Last year, Preqin released the results of its June 2010 infrastructure investor study. Despite increased investor optimism in the wake of the global financial crisis, a number of key issues were identified by LPs that they felt needed to be addressed in order to ensure continued growth within the industry. Management fees, carry structures, liquidity, LP/GP interaction and hurdle rates were all placed under the microscope and the difficult fundraising environment meant investors gained significantly more power when negotiating fund terms and conditions.
A year on, the results of our June 2011 Preqin Investor Outlook: Infrastructure indicate that institutional investor appetite for infrastructure is again on the rise, with 70% of surveyed investors expecting to make further investments in the asset class in the coming 12 months. However, the current infrastructure fundraising market remains highly competitive and the same contentious issues continue to impact investor appetite and the ability of fund managers to raise capital.
The management fee charged and how carried interest is structured remain two of the most prevalent areas in need of improvement, with 62% and 53% of investors citing each issue as a problem respectively. One investor commented: “Manager fees are far too high in most cases, and there are a number of conflicts of interest that can arise. Performance fees are often structured poorly, based on capital appreciation rather than performance above a hurdle.”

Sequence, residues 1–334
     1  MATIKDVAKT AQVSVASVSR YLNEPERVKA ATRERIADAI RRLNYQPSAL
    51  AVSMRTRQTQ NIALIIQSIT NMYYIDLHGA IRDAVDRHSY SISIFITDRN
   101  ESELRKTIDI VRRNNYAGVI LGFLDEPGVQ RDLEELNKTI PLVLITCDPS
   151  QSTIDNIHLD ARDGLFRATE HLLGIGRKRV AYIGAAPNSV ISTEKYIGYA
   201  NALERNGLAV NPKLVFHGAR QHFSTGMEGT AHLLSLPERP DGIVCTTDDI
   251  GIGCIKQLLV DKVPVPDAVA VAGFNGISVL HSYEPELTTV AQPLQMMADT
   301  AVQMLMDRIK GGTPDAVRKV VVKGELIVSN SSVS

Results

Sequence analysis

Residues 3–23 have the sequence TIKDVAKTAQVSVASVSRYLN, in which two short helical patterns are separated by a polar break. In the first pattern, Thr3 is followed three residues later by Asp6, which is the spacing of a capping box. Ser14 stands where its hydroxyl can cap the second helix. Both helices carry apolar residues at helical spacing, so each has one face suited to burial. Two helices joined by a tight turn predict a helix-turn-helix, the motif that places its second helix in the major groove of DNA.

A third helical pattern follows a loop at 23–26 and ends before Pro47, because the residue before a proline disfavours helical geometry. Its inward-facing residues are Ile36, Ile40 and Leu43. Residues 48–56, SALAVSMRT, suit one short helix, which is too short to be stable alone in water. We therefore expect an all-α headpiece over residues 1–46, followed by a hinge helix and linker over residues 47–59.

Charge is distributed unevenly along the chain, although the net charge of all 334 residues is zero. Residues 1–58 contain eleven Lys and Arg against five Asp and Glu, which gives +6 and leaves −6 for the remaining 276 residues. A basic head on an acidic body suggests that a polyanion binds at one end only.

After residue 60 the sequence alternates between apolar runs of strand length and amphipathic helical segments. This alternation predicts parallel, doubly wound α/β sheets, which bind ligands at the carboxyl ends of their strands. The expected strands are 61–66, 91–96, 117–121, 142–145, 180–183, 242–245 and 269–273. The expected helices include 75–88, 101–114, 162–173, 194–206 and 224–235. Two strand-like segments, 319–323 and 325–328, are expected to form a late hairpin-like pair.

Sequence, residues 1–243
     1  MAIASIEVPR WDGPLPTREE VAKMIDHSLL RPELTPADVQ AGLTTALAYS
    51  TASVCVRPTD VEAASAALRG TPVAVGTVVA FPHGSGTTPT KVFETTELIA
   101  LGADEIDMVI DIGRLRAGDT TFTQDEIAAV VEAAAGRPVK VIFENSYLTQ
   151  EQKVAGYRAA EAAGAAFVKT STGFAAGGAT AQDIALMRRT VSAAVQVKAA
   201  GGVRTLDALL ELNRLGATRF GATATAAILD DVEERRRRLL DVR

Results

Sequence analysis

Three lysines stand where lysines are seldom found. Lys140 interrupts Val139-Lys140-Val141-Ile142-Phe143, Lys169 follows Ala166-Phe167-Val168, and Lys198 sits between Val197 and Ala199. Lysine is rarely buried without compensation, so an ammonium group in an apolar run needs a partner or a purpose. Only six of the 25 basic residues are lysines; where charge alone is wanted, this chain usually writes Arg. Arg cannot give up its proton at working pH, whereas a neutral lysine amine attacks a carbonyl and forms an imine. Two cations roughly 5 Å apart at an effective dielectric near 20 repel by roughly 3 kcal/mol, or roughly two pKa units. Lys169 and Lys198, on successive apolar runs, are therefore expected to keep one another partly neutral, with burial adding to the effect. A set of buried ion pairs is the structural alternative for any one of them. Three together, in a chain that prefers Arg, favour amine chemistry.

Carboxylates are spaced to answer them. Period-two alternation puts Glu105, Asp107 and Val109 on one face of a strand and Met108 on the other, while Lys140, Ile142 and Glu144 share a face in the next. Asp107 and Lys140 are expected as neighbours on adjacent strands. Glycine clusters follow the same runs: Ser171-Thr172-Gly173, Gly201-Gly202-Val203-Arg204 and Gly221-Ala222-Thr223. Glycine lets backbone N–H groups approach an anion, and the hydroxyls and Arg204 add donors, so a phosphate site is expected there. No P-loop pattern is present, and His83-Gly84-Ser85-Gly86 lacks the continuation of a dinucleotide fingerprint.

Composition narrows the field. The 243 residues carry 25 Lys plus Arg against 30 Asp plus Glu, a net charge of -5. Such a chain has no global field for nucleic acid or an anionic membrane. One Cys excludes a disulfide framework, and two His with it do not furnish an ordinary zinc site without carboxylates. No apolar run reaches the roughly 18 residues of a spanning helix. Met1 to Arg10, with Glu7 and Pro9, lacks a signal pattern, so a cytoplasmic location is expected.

While management fees remain problematic, the proportion of respondents stating that they are in need of improvement has declined from 72% in June 2010. Similarly, the proportion of surveyed investors selecting carry structures as a contentious issue also fell from 72% last year. This suggests that infrastructure fund managers are taking note of institutional investor demands and reforming their fee structures to create a more aligned LP-GP relationship.
Investors felt that the alignment of interests needed improvement in several other areas; 56% of investors take issue with having to pay fees on capital that has not yet been invested for example, slightly more than the 53% that stated the same in 2010. Similarly, 42% of surveyed investors stated that issues surrounding hurdle rates remain, a slight increase from last year when 39% of investors felt that there was a misalignment of interests in this area. Commenting on the subject, one investor stated: “Hurdles should be appropriate to the risk targeted by the fund.”
One-quarter of investors felt that there needed to be greater interaction between themselves and fund managers in 2010, but just 13% were of this opinion this year, suggesting that the channels of communication have opened up between investors and fund managers in the past year. The results of the survey also imply that investors are a lot more satisfied with the commitments GPs are making to their own vehicles; the proportion of investors that stated this was an area of concern fell from 45% in 2010 to 28% this year.